In this case could S claim any benefit from my pension accruals after that settlement date/ divorce date? The answer is likely to be 'NO'?
Because the financial settlement did not happen after divorce until today, it should not mean that she can claim or deserve a 'second bite at the cherry'. This is the important point.
Surely the actuary knows that I have remarried to P in August 2012, few months later the divorce in June 2012. Why the actuary is not prepared to consider my wife?
Suppose I had £1000 in SIPP pension in June 2012 and it is increased to £1300 now.
I think for pension sharing I have to give away to S £500 to her pension fund (50%) as was at the divorce date (June 2012). And after that date remaining pension pot £500 + any increase or decrease is my pension pot. Is this correct assumption?
3) The actuary assumed 8% growth in 7 months for some of my pension funds. They look very high. Sometime funds go down as well. Possibly in average 5% growth can be assumed?
4) Our FDR date is very near. If the court order is done but the actuary can not complete the calculation with Ss retirement date updated to 65 then what happens at the FDR date? What will be court decision?
Will they say further adjournment or give a direction such that actuary does the calculation and both party agrees that calculation slightly at a later date when the pension equalisation report is issued.
I am assuming court will give clear direction during FDR.and the pension sharing will be sorted between solicitors as updated report is issued?, assuming other financial bits are sorted?.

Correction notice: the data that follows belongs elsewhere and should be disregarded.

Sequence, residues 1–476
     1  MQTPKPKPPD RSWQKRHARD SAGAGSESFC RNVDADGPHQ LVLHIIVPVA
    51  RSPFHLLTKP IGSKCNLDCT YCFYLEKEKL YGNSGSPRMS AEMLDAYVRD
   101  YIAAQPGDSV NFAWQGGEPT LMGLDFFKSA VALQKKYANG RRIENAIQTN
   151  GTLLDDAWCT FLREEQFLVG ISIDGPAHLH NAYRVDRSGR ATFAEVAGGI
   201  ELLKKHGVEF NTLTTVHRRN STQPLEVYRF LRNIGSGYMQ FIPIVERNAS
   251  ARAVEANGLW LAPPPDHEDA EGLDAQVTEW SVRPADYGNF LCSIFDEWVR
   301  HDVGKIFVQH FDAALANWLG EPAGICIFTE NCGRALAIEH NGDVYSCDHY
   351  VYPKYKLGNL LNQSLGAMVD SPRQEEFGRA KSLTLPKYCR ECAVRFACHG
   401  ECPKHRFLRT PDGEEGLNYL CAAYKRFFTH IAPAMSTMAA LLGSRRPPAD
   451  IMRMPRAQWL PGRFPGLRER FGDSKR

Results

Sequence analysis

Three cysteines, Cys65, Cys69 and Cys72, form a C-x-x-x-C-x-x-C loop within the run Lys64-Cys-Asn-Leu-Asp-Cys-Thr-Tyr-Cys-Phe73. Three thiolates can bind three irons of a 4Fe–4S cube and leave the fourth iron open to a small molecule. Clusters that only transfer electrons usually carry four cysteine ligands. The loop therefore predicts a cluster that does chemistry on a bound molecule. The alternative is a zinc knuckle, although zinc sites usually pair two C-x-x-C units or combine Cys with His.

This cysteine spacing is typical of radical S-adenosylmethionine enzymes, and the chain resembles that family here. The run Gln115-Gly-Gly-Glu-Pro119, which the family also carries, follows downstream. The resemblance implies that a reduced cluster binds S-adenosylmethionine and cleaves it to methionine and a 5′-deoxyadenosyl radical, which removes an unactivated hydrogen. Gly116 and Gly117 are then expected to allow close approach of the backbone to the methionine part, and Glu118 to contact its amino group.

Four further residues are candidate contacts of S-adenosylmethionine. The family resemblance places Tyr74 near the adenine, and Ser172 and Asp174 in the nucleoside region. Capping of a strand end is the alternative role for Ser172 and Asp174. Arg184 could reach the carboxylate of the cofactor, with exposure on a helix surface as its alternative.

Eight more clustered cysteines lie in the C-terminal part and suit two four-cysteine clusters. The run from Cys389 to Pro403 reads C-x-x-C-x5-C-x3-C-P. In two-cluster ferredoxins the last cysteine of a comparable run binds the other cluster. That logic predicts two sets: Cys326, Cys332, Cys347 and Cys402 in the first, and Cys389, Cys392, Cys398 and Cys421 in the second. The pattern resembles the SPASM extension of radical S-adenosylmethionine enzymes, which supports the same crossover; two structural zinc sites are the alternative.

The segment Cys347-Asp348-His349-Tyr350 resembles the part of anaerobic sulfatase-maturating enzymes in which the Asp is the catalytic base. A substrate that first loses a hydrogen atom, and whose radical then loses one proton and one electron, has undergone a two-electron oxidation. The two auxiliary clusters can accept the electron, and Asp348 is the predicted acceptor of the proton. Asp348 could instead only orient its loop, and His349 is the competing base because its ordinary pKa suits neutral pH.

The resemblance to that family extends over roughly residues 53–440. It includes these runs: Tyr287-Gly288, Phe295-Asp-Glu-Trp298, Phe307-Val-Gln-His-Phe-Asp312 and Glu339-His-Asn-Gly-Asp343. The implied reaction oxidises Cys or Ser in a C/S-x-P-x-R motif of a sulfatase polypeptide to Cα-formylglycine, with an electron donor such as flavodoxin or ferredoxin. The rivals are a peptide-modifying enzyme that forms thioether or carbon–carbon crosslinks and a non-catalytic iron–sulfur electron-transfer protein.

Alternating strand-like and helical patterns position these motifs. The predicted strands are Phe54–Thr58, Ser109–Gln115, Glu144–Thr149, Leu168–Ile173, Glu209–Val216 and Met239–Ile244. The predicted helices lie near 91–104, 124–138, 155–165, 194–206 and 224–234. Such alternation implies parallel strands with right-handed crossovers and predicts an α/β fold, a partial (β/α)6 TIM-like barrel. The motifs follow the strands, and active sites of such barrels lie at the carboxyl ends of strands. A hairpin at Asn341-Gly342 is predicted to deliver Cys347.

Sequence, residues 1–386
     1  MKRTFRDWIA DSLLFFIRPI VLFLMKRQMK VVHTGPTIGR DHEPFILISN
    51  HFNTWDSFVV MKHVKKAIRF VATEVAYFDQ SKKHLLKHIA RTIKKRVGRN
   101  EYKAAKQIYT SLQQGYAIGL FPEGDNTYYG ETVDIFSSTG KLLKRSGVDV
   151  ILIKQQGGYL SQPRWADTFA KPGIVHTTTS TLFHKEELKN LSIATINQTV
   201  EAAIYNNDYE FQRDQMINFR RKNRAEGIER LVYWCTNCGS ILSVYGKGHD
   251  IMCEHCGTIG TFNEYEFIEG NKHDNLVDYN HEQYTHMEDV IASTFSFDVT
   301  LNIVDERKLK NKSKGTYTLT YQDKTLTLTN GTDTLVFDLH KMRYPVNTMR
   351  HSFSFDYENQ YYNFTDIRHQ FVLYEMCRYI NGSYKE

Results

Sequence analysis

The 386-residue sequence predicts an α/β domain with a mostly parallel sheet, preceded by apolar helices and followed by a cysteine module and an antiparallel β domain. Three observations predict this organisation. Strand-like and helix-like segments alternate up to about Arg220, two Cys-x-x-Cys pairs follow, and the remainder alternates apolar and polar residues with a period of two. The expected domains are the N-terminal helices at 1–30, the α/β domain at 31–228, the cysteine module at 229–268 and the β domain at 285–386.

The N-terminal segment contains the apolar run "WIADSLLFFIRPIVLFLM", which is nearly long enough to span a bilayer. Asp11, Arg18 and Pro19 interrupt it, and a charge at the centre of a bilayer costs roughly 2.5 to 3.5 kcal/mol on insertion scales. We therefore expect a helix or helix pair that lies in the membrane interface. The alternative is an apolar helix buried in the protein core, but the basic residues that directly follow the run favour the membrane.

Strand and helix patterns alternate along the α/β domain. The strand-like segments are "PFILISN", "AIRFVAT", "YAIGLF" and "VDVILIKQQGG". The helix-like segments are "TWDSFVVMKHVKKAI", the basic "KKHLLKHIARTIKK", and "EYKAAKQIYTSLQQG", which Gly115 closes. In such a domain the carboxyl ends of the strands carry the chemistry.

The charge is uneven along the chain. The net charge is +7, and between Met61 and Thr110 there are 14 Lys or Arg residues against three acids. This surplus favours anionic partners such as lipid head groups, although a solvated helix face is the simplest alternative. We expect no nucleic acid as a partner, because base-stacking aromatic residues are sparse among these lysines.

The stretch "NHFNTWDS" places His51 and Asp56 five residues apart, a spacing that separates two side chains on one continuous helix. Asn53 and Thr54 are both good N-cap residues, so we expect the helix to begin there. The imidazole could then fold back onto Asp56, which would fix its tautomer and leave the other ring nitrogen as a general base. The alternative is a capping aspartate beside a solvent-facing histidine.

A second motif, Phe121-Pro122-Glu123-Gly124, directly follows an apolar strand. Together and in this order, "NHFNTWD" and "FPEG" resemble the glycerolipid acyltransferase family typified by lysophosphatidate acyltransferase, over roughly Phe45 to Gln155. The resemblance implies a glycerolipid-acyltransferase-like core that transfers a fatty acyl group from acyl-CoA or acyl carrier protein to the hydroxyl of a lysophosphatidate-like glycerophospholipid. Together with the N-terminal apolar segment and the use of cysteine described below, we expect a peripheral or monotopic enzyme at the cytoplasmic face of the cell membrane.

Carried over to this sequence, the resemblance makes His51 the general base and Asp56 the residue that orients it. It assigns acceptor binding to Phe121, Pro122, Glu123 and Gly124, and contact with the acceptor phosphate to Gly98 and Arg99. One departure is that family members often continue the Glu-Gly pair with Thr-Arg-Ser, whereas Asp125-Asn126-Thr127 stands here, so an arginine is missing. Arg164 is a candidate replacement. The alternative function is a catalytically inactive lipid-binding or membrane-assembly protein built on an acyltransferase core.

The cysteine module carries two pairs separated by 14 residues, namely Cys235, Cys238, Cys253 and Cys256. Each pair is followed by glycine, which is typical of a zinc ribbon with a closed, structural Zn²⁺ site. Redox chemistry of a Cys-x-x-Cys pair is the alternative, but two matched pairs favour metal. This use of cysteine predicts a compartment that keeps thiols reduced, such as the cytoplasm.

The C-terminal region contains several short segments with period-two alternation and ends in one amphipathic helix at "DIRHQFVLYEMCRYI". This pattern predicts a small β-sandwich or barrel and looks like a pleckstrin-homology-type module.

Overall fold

How long I have to wait?
Dear Clare 21 June, 2015
a) There was a joint agreement between two sides (my counsel & the other counsel) on the first hearing date, which was to consider retirement ages for both to be 65. I have my counsel's note as a proof to the court.
The letter of instruction to the actuary, drawn up mainly by the other solicitor omitted to mention this (H65 & W65).
The actuary sent a letter to my solicitor mentioning the assumption H:65 & W:60, and said if there is a different retirement age to be considered then communication to be made to him (actuary).
The actuary however did not explain the likely difference, i.e. how much extra money I have to transfer to Ex, if assumed W60 vs W65 to my solicitor..
My solicitor forgot to raise the issue to the actuary (so is the other solicitor!!) that it was agreed H:65 & W:65 during the first hearing date. The actuary used H:65 & W60 without any joint agreement from either sides. and issued the report.
I am sure the actuary wrote the same letter to the other solicitor, so why the other solicitor kept quit?, because the other solicitor had previously agreed with my counsel on both retirement ages to be 65, not H65, W60!!
I would say that the actuary should have demanded agreed retirement ages for both in black & white, agreed by both solicitors, because the actual letter of instruction to the actuary omitted (forgot) that point.
I have written evidence that H65 & W65 was selected by both sides on the first hearing date, written by my counsel.
Conveniently the other solicitor is saying now that she cannot remember clearly the mutual agreement with my counsel. But she must have some notes taken that day!!
that my Ex-wife can continue to work past her Normal Pension Age (60) and accrue benefits up to age 75.
You wrote: 'Your ex is entitled to a share of your pension. This will include any proportionate accrual which has arisen since 2012. So if she was entitled to 50% then she will be entitled to %0% of the amount accrued since 2012. Your new wife only has a claim on YOUR share of the pension - whatever that percentage turns out to be'.
Not sure what you meant by mentioning % 0% etc. ?
Question: Supposing my pension pot was £300k in 2012 (divorce date) , increased to £400k currently, and I put in new money of £20k after 2012 (divorce date), then what happens for sharing pension?
I look forward to hearing from you shortly.
Thanks & Regards